|© 2004 MLB Advanced Media, L.P. All rights reserved.|
'Thanks for the great season'10/25/2004 4:58 PM ET
By Jim Carley / Special to MLB.com
HOUSTON -- Fully 30 minutes before the "Thanks for a Great Astros Season" rally was to start, 20-year-old Charlie Thrash of Baytown walked into Hermann Square in downtown Houston. You couldn't miss him. Shuffling through a small sea of fans wearing Astros jerseys, T-shirts and other gear, his sleeveless red pullover accented the two large tattoos on each upper arm. One was a portrait of Craig Biggio, the other of Jeff Bagwell. Thrash told how he had the tattoos inked last June, had gone to several Astros games and even once sat near Bagwell and Biggio's wives. "They liked them," he said of the tattoos. "They wanted pictures of me with them. "I love Bagwell and Biggio. I love the way they play. They're not like the new players who like to show off a lot. They just play ball." Thrash was there Monday, along with a crowd estimated at more than 2,000, to pay homage to his beloved heroes on the day Houston Mayor Bill White proclaimed "Thanks for a Great Astros Season Day." In the midday heat of nearly 90 degrees, Thrash joined other diehard Astros fans who, though disappointed they still have never made a World Series, wanted to show the team their appreciation for the just-completed season. Many brought handmade signs, including several that exhorted free agent-to-be Carlos Beltran, who wasn't there, to return to the team. The celebration was held in a carnival-like atmosphere on the City Hall steps in front of the Hermann Square reflecting pool. Circling the pool were tents and multicolored trucks from more than a dozen local radio stations. Some gave out placards that read "Thanks for the great season," while others handed out the "We Believe" towels that became popular in the playoffs. Still others gave out coozies and wristbands and bumper stickers. There was a large "Thank you Astros" banner stretched high across the middle of the City Hall building and a 20-foot inflated baseball on the patio before the steps. At the opposite end of the pool was a large blank banner that was quickly filling up with well-wishers' signatures and professions of love and allegiance to the team. There were hot dogs and soft drinks and peanuts and popcorn. Fifteen minutes before the ceremony, tapes of playoff highlights recorded from the team's flagship radio station began playing over a loudspeaker. With television helicopters whirling overhead and more than a dozen TV cameras on a platform, the team mascot, Junction Jack, appeared on the steps and, along with helpers, threw soft baseballs with the team logo on them to the crowd. Finally, the clock struck noon and Milo Hamilton, the Hall of Fame voice of the Astros, appeared on the dais. Not far behind were the rest of the dignitaries, including the mayor, U.S. Representatives Sheila Jackson Lee and Tom DeLay, several city councilpeople and Astros representatives. Velvet Ice, a local hip hop/R&B trio, sang the national anthem and then two confetti blowers began to shower the stage area with red, black and silver pieces of crepe. Four Astros -- Biggio, Brad Lidge, Morgan Ensberg and Brandon Backe -- appeared along with manager Phil Garner, general manager Gerry Hunsicker and team president of business operations Pam Gardner. Each was introduced and made a short speech to the cheering fans. Fans chanted "Bee-gee-o, Bee-gee-o" for the popular outfielder and "Back-ee, Back-ee" for the rookie pitcher from nearby Galveston. So Ensberg was a little sheepish when he came to the podium. "My name's not as easy to chant as a Biggio or Backe," he said with a laugh. "But I appreciate all of you just the same." Afterward, the Astros contingent met with the media inside City Hall. Biggio and Backe seemed especially grateful for the rally. "I can't tell you how much I enjoy hearing them chant my name," Biggio said. "It's always meant a lot to me. This was really nice today." Backe said the crowd chanting his name brought him back to just over a week before, when he heard the Minute Maid Park crowd chant his name during his dramatic Game 5, eight-inning, one-hit performance against the Cardinals that sent the National League Champion Series back to St. Louis. "That was the first time I ever heard them chant my name," Backe said. "I went to bed that night dreaming about it and woke up a couple of times in the night still hearing them chant it. It was great and it still is great today." Hunsicker praised the fans in attendance Monday and the thousands who sold out Minute Maid repeatedly in the playoffs. "You'd expect something like this if we had gotten to the World Series," Hunsicker said of the rally. "The fact they came out today even though we came up a little short says something about this city and the mayor and the fans. "I think this team and this season has done a lot toward making this a real baseball city."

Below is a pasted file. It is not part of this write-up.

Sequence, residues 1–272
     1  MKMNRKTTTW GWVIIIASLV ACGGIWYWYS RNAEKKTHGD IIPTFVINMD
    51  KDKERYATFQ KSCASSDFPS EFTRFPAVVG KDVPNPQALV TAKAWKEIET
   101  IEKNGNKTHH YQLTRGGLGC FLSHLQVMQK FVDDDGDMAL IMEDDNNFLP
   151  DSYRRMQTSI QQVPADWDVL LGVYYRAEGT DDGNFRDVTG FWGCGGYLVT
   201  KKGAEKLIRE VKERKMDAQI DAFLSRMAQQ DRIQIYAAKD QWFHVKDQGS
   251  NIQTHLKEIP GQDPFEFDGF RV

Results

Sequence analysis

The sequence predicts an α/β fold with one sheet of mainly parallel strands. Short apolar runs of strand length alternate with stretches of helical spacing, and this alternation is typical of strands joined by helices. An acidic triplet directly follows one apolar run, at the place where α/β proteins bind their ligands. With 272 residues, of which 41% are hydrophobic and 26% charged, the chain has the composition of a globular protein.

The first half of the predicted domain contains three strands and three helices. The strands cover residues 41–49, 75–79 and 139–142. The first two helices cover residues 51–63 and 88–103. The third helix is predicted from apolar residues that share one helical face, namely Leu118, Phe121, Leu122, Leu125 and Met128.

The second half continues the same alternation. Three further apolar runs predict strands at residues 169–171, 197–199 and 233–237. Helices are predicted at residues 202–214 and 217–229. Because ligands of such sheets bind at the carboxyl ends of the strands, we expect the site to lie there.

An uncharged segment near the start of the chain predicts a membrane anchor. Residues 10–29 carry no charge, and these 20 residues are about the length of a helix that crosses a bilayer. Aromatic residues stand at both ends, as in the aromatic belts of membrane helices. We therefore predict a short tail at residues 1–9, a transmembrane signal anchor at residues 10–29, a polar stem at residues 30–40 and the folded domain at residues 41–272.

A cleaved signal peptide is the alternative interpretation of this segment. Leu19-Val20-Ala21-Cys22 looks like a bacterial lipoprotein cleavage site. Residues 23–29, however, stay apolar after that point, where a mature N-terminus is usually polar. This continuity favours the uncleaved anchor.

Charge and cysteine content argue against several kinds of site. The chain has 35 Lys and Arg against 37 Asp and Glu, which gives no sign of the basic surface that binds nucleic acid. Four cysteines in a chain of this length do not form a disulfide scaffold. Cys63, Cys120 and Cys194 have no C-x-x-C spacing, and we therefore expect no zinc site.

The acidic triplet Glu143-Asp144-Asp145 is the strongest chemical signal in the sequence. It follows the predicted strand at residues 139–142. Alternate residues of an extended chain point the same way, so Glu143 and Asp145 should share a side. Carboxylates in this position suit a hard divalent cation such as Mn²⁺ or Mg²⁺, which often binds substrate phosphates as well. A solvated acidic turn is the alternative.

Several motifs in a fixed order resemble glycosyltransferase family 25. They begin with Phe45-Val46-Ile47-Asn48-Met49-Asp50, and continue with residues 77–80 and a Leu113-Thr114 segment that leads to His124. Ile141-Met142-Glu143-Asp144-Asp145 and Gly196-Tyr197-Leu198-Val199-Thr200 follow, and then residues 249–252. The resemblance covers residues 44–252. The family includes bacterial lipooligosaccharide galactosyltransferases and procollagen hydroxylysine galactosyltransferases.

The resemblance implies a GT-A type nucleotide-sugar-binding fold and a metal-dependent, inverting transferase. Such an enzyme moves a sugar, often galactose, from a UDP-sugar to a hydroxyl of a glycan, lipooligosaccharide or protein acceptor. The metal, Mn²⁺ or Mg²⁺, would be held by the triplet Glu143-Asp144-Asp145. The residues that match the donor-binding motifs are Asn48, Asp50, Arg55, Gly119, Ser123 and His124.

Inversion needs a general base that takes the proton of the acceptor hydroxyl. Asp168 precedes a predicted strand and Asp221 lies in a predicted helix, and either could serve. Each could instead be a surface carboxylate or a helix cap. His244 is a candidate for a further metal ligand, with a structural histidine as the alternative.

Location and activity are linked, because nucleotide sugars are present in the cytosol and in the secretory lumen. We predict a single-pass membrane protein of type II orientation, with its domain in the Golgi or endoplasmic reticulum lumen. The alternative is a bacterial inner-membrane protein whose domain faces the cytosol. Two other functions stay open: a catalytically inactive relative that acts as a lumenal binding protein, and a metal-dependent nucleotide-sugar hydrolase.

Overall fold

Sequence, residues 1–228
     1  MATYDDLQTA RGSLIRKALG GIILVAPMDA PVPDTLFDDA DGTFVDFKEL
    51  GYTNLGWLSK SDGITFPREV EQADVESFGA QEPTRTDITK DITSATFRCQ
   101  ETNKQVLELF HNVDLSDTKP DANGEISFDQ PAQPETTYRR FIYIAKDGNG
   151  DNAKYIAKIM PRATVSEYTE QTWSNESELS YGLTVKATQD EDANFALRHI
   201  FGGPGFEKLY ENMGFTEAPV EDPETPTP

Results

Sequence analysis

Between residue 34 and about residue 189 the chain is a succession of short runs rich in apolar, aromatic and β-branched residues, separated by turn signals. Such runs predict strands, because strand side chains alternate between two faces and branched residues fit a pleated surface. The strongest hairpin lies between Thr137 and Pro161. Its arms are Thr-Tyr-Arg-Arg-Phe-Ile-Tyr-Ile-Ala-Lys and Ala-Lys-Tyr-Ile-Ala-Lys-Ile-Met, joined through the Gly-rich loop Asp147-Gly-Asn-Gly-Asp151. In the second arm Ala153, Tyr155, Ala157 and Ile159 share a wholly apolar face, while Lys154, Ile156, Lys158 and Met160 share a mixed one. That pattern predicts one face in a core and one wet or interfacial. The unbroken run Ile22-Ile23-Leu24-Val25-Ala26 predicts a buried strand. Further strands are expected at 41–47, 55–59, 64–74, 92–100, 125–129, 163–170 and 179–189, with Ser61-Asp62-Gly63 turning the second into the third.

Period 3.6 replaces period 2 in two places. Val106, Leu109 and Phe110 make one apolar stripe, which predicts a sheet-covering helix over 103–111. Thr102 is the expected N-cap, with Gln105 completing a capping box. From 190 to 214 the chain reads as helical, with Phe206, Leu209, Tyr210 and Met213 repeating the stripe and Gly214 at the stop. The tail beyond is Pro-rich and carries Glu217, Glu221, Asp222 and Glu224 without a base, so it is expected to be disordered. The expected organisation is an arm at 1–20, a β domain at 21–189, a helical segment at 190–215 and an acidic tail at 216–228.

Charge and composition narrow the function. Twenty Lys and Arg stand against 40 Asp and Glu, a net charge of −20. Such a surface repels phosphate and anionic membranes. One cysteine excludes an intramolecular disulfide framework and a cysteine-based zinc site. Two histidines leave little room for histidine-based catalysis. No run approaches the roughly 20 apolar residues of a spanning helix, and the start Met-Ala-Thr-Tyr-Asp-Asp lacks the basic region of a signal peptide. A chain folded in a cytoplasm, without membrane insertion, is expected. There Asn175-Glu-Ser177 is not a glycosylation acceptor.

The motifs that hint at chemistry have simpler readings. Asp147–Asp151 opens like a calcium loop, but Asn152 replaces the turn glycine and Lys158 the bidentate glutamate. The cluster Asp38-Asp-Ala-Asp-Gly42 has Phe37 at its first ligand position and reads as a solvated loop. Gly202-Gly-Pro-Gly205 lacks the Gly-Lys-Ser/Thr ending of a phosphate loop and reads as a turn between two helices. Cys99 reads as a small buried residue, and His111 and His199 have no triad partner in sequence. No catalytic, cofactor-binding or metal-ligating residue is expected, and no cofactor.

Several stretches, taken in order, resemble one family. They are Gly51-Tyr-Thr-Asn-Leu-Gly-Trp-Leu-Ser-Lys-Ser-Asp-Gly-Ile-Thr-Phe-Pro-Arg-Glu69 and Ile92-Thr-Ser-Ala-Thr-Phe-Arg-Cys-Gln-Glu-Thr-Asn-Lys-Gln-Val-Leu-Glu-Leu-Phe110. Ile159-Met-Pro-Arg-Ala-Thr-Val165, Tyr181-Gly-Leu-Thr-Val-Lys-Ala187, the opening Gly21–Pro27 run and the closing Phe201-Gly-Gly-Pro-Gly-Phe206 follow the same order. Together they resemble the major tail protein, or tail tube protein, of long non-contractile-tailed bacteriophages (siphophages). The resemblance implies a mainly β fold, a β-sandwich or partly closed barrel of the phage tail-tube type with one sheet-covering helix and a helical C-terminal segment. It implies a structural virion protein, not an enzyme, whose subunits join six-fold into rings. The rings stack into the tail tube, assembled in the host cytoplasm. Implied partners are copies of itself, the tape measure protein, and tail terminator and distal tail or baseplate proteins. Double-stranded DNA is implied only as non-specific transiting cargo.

This story was not subject to the approval of Major League Baseball or its clubs.